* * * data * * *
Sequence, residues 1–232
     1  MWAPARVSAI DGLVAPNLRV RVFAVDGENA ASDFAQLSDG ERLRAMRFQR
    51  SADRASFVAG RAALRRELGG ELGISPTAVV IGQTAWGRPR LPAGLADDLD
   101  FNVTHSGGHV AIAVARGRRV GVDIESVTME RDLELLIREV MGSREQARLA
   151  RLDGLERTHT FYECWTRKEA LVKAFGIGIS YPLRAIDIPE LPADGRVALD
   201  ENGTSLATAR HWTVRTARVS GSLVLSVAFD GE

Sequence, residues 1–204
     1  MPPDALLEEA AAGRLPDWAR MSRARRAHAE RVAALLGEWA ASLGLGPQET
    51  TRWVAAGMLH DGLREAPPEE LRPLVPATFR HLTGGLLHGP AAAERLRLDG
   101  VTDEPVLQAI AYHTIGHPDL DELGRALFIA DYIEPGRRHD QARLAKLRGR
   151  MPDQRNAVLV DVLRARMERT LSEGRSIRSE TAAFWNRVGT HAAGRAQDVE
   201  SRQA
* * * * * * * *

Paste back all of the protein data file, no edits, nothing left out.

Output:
Sequence, residues 1–232
     1  MWAPARVSAI DGLVAPNLRV RVFAVDGENA ASDFAQLSDG ERLRAMRFQR
    51  SADRASFVAG RAALRRELGG ELGISPTAVV IGQTAWGRPR LPAGLADDLD
   101  FNVTHSGGHV AIAVARGRRV GVDIESVTME RDLELLIREV MGSREQARLA
   151  RLDGLERTHT FYECWTRKEA LVKAFGIGIS YPLRAIDIPE LPADGRVALD
   201  ENGTSLATAR HWTVRTARVS GSLVLSVAFD GE

Sequence, residues 1–204
     1  MPPDALLEEA AAGRLPDWAR MSRARRAHAE RVAALLGEWA ASLGLGPQET
    51  TRWVAAGMLH DGLREAPPEE LRPLVPATFR HLTGGLLHGP AAAERLRLDG
   101  VTDEPVLQAI AYHTIGHPDL DELGRALFIA DYIEPGRRHD QARLAKLRGR
   151  MPDQRNAVLV DVLRARMERT LSEGRSIRSE TAAFWNRVGT HAAGRAQDVE
   201  SRQA